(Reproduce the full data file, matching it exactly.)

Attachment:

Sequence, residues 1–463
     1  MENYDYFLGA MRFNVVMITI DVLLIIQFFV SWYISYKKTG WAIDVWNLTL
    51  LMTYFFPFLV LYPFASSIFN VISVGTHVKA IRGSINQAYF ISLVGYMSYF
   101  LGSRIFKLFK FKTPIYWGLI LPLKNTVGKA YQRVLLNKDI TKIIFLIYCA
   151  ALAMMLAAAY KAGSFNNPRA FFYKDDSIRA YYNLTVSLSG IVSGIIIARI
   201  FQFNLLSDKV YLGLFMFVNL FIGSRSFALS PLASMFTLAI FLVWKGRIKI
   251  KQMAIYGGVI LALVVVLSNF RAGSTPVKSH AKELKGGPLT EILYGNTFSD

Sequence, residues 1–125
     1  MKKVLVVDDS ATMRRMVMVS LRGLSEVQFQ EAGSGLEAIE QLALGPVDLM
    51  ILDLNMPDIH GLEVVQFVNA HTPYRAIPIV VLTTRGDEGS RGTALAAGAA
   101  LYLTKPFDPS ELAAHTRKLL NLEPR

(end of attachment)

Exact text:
Sequence, residues 1–463
     1  MENYDYFLGA MRFNVVMITI DVLLIIQFFV SWYISYKKTG WAIDVWNLTL
    51  LMTYFFPFLV LYPFASSIFN VISVGTHVKA IRGSINQAYF ISLVGYMSYF
   101  LGSRIFKLFK FKTPIYWGLI LPLKNTVGKA YQRVLLNKDI TKIIFLIYCA
   151  ALAMMLAAAY KAGSFNNPRA FFYKDDSIRA YYNLTVSLSG IVSGIIIARI
   201  FQFNLLSDKV YLGLFMFVNL FIGSRSFALS PLASMFTLAI FLVWKGRIKI
   251  KQMAIYGGVI LALVVVLSNF RAGSTPVKSH AKELKGGPLT EILYGNTFSD

Sequence, residues 1–125
     1  MKKVLVVDDS ATMRRMVMVS LRGLSEVQFQ EAGSGLEAIE QLALGPVDLM
    51  ILDLNMPDIH GLEVVQFVNA HTPYRAIPIV VLTTRGDEGS RGTALAAGAA
   101  LYLTKPFDPS ELAAHTRKLL NLEPR